Did The CDC Overestimate The Number Of Alcohol-Exposed Pregnancies?

By Kelly Burch 01/18/19

A new study suggests that CDC may have inflated the number of pregnancies affected by alcohol use. 

pregnant woman with alcohol beverage

In 2016, the Centers for Disease Control and Prevention caused a stir by saying that women of childbearing age who aren’t on birth control should abstain from drinking so that they didn’t unintentionally have pregnancies affected by alcohol.

The CDC said at the time that 3.3 million women were at risk of having alcohol-exposed pregnancies each month. 

However, a new study finds that the CDC vastly overestimated the number of pregnancies that might be affected by alcohol. 

“We estimate 731,000 U.S. women had [alcohol-exposed pregnancies] and 481,000 resulted in [alcohol-exposed births],” researchers wrote. “Under our assumptions, the estimated expected actual number of [alcohol-exposed pregnancies] is 2.5 million less than the CDC estimate of the number at risk of an [alcohol-exposed pregnancies].” 

The study, published in the January edition of the journal Women’s Health Issues, was led by researchers Sarah Roberts and Kristen Thompson from the University of California San Francisco’s Department of Gynecology. They used the same data set that the CDC did, but they adjusted how the number of alcohol-affected pregnancies were calculated. They also considered that because of miscarriage and abortion, not all pregnancies lead to births.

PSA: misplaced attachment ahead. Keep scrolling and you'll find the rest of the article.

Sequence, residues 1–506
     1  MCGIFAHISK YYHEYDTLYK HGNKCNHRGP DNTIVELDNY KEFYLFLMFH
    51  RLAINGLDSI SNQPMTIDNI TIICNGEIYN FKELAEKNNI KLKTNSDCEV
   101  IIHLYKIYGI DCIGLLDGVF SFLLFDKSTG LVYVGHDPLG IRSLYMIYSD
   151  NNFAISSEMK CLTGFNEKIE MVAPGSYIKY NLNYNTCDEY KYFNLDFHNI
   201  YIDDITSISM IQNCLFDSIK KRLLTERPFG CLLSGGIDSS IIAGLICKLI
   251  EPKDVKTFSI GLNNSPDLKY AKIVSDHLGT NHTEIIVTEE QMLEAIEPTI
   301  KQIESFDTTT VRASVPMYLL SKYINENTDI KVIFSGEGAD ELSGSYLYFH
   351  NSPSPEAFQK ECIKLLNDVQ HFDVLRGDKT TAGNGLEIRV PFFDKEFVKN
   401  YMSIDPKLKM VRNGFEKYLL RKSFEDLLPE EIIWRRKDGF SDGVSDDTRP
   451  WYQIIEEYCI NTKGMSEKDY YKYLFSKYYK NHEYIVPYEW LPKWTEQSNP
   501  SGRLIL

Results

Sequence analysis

In the original calculations, the CDC assumed that any woman who both had an alcoholic drink and who had unprotected sex in the previous month could have a pregnancy affected by alcohol. However, this inflated the number of pregnancies affected, Roberts told Quartz. 

“That’s not the right way to do this,” she said. 

The calculations gave the maximum number of alcohol-exposed pregnancies that could possibly occur, rather than a more realistic, likely estimate, Roberts explained. 

In the new calculations, researchers raised the number of drinks a woman had to have to be considered “at risk” from one to seven. Roberts said this reflects the CDC’s classification of what level of drinking is considered potentially harmful. They tempered the likelihood of pregnancy resulting from unprotected sex using national data that shows that just 38% of unprotected sex leads to pregnancy, and 64% of those pregnancies lead to births. As a result, the study estimated the amount of pregnancies actually affected by alcohol as less than 25% of the original CDC estimate.  

The high number the CDC put out “contributed to a sense of moral panic around the topic,” Roberts said. In the future, it’s important that the agency take a more wholistic and realistic picture of the risk of drinking and unprotected pregnancy. 

“It would be great if future efforts could take into account this method,” she said. 

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Kelly Burch writes about addiction and mental health issues, particularly as they affect families. Follow her on TwitterFacebook, and LinkedIn.